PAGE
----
Along with physical comforts, the new Kenworth trucks also feature a customizable 7-inch, high-definition digital information cluster. Using controls on the steering wheel, drivers can toggle between truck information such as driver assistance, trip summary, and more.

Similar to light-duty vehicles, these new Kenworth models feature the ignition on the right side of the telescopic and tilting steering wheel and light controls on the left. Additionally, climate controls are also similar to those in a light-duty vehicle, with an option to set and maintain a certain temperature automatically.

Finally, Bendix Fusion is now available in the T180 and T280. This system uses radars and warnings to keep your drivers, the drivers of other vehicles, and pedestrians safe on the road.

The new PACCAR TX-8 automatic transmission is standard on the T180/T280.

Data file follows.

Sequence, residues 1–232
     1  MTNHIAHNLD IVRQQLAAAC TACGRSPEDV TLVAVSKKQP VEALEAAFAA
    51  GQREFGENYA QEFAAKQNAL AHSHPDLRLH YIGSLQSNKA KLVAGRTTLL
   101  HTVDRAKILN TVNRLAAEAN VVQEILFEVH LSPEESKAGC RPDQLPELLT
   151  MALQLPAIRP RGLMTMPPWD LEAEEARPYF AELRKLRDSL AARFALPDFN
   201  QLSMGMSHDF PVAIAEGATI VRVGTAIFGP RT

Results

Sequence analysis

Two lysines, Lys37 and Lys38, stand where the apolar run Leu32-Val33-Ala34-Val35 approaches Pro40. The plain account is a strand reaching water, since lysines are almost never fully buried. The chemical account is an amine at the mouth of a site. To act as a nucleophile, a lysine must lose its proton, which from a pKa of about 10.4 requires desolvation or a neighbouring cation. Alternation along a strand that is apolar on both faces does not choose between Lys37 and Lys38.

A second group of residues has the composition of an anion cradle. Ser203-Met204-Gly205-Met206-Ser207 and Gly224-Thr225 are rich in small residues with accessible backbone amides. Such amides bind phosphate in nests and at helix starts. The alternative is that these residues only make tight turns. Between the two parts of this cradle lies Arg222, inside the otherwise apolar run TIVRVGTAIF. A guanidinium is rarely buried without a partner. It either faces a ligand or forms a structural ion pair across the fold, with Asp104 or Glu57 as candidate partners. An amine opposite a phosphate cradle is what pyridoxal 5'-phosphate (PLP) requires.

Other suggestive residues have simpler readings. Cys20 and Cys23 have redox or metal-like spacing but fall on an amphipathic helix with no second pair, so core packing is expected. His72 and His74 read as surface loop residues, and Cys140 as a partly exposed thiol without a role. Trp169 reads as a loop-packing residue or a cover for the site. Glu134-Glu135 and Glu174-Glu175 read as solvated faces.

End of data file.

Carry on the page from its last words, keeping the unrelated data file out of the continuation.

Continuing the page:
Owners of any truck from the new medium-duty lineup will have the option of a PACCAR PX-7 or PX-9 engine. The PX-7 engine pumps out 200 to 360 hp and 520 to 800 lb-ft of torque. The PX-9 gives owners 260 to 450 hp and 860 to 1,250 lb-ft of torque. A Cummins L9N natural gas engine is also available in the T180/T280. This engine is CARB-certified and offers 320 hp with 1,000 lb-ft of torque.

Kenworth pairs the engine with a standard PACCAR TX-8 transmission. The new 8-speed automatic TX-8 transmission offers control and performance with a best-in-class power-to-weight ratio.

Something else worth noting under the hood of the new Kenworth medium-duty lineup is that all pre-trip inspection checkpoints are located on the driver’s side. Kenworth also repositioned the windshield washer fluid reservoir to the frame rail so that it’s in easy reach, as well. Engineers also relocated the air cleaner to above the engine; it was redesigned with a panel-style filter that’s easy to replace.

A Kenworth T280 out in the field used by Kirby-Smith Machinery. The company operates a fleet of more than 100 medium-duty trucks equipped with Auto Crane bodies.